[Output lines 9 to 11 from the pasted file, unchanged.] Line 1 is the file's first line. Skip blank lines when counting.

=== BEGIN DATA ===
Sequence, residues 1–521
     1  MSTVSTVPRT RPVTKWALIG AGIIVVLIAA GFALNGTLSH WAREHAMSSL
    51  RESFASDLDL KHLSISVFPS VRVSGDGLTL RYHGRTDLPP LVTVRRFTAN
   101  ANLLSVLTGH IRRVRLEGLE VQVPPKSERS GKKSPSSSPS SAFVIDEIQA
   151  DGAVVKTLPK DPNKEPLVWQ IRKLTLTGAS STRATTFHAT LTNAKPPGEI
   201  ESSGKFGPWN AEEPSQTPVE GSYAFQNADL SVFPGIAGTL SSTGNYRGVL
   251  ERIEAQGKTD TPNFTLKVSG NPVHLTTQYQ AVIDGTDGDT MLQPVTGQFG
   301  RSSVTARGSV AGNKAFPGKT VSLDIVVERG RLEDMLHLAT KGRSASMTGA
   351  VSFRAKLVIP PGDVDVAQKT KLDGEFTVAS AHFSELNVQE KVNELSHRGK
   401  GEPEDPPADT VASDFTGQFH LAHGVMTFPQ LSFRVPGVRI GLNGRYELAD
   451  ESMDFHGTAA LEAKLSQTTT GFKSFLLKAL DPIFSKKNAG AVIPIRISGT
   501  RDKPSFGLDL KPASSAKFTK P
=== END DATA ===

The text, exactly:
   351  VSFRAKLVIP PGDVDVAQKT KLDGEFTVAS AHFSELNVQE KVNELSHRGK
   401  GEPEDPPADT VASDFTGQFH LAHGVMTFPQ LSFRVPGVRI GLNGRYELAD
   451  ESMDFHGTAA LEAKLSQTTT GFKSFLLKAL DPIFSKKNAG AVIPIRISGT